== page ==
04.30.2010 0

The Neverending Bailout

  • On: 05/03/2010 07:25:43
  • In: Economy
  • By Bill Wilson

    Last week, when Senate Republicans lifted their filibuster of the Dodd financial takeover bill, it was under the premise that Senator Chris Dodd had agreed to remove provisions for an unlimited bailout fund.

    Dodd, as it turns out, left the controversial provisions in his bill anyway when he and Senator Blanche Lincoln submitted their substitute amendment combining the banking and agriculture committee versions. On April 29th, as Republicans lifted their objections, Dodd maintained to his colleagues that the bill never did contain any bailouts.

    But, just in case there was any doubt, he said he would accept an amendment from Senator Barbara Boxer affirming his position. Dodd said that he shared his colleagues’ “determination that we never again have institutions that become too big to fail, with that implicit guarantee that the government will bail them out. I’m satisfied that our bill does that already… I know my colleague from California, Barbara Boxer, has some ideas on this as well, she has raised… that I think can help get us there.”

    So, on April 30th, Boxer submitted her amendment, all the while maintaining that there were no bailouts. On April 30th, in presenting her amendment, she said, “When I heard my colleagues on the other side say Senator Dodd’s bill would ensure taxpayer bailouts, I knew it was false, and I went to Senator Dodd and colleagues on the committee and said I did not understand why these comments were coming from the other side, as if saying this glass of water on my desk is a cup of coffee. No. This glass of water is a glass of water. It is not coffee. And if you say seven, eight, and nine times that it is coffee, somebody might believe it.”

    Rest assured, however, the bill does contain an unlimited bailout authority. It is coffee. After all, why submit an amendment to “remove” bailouts if there were none to begin with?

    But, to leave no doubt, let’s look at the specific provisions of the legislation that the Boxer amendment does not even touch. As ALG News has previously reported, the bill would give the government the unlimited power to seize any company deemed “too risky,” placing it into receivership overseen by the Federal Deposit Insurance Corporation and the Treasury Secretary.

    This authority would be funded by a revolving $50 billion “orderly liquidation fund” financed by assessments on about 60 bank holding and insurance companies with $50 billion or greater in assets that would now have the implicit backing of taxpayers.

    Those assessments, as reported by the Congressional Budget Office, would in turn be funded by the American people through higher costs on financial transactions and other fees.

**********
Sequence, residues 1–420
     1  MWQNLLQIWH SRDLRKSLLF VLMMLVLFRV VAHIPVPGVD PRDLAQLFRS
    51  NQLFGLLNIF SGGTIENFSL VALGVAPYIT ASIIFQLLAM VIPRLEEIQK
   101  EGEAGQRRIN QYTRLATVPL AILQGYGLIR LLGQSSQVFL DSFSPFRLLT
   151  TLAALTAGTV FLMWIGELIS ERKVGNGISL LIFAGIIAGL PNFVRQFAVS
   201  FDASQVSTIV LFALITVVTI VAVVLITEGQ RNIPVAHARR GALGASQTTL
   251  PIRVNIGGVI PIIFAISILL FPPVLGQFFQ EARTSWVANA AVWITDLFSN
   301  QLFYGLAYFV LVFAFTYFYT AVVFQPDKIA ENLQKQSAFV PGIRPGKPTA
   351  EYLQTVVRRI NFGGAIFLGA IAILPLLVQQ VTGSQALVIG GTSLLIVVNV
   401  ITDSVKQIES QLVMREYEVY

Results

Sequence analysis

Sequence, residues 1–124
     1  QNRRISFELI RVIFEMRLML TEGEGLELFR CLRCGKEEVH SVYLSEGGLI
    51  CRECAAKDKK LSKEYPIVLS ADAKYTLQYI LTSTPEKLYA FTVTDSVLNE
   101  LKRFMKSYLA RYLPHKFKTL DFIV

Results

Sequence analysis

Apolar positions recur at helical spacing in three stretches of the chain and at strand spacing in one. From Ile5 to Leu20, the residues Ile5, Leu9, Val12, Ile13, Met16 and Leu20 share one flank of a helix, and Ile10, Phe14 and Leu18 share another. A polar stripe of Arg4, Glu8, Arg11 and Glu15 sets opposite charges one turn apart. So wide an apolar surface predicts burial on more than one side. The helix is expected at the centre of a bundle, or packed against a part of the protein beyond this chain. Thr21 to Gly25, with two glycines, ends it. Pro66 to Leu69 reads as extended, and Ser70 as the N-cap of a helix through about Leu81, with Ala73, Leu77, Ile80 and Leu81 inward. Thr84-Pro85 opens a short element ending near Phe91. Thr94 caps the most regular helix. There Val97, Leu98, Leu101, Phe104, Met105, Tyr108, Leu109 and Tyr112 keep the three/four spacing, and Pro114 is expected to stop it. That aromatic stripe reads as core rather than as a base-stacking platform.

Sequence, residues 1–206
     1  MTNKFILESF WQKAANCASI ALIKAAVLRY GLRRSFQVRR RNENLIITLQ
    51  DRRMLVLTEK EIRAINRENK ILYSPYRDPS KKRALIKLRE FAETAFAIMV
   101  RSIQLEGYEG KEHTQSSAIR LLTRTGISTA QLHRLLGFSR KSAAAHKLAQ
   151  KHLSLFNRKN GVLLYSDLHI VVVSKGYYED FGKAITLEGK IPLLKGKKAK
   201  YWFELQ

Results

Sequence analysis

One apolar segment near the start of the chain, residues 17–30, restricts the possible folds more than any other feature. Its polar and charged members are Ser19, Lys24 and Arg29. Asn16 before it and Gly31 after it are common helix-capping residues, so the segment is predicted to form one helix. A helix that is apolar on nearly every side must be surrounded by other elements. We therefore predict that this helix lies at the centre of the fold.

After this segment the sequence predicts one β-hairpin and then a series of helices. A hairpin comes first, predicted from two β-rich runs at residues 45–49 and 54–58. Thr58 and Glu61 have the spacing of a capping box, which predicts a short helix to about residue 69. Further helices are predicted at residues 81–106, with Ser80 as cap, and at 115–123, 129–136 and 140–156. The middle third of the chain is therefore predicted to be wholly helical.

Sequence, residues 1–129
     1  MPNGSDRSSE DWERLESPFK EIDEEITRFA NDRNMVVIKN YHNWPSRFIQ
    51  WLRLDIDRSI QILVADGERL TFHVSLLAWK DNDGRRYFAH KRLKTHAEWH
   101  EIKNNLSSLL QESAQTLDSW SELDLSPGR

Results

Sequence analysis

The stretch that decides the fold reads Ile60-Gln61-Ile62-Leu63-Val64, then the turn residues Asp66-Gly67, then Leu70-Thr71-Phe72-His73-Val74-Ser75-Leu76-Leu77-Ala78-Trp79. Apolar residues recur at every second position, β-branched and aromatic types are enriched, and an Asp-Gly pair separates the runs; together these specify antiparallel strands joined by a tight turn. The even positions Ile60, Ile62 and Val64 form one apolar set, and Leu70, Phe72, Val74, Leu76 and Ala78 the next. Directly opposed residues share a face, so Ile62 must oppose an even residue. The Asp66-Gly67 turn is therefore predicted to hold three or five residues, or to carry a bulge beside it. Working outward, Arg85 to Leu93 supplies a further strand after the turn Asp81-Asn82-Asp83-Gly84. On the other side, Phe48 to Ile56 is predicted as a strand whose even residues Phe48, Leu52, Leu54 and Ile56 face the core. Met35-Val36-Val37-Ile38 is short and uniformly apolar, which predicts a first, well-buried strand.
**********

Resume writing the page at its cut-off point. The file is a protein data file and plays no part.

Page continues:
No Congressional approval would be required for companies to be seized, the assessments to be levied, or moneys from the fund to be spent. There would be no limit on how much money could flow through that fund, nor any limit on how many assessments could be levied. Nor would individual investors or anybody else have any right to challenge a government takeover in court, because the bill shields such cases from judicial review.

    The bill goes further. Boxer says that her amendment would require that any company put into receivership must be liquidated. But, as detailed in an updated ALG backgrounder on the issue, the “orderly liquidation fund” is so broadly established that it even allows the FDIC to operate any company while in receivership, including all staffing decisions and the composition of the board of directors.

    It doesn’t stop there. The FDIC could reorganize the company as a “bridge financial company,” whose board of directors is appointed by the FDIC, and the ownership of the company transferred to the new company by the FDIC. The new company, at the discretion of the FDIC, can then issue capital stock and securities.

    That is a lot more like a Chapter 11 reorganization of company than a Chapter 7 liquidation, except that it can be completely financed by the unlimited fund. That’s because it’s a bailout.

    In fact, the FDIC can fully recapitalize the new company with assessments from the fund. And, then the so-called “bridge” company can be terminated through one of the following methods:

    1) the merger or consolidation of the “bridge financial company” with another company,
    2) through the sale of a majority of the capital stock of the “bridge financial company” to another company at the discretion of the FDIC,
    3) the sale of 80 percent of the capital stock to a person other than the FDIC or another bridge financial company, or
    4) the expiration of a 2-5 year period under which a “bridge financial company” can operate.

    Therefore, when the FDIC seizes a company, it could use the fund to fully compensate all outstanding liabilities to the company’s creditors, turn the company into a “bridge financial company,” fully recapitalize it, and then sell the capital stock to those very same creditors that were bailed with the fund in the first place.

    That’s a bailout, it would never end, and neither the Dodd-Lincoln substitute amendment nor the Boxer amendment would do a thing about it.

    Bill Wilson is the President of Americans for Limited Government.

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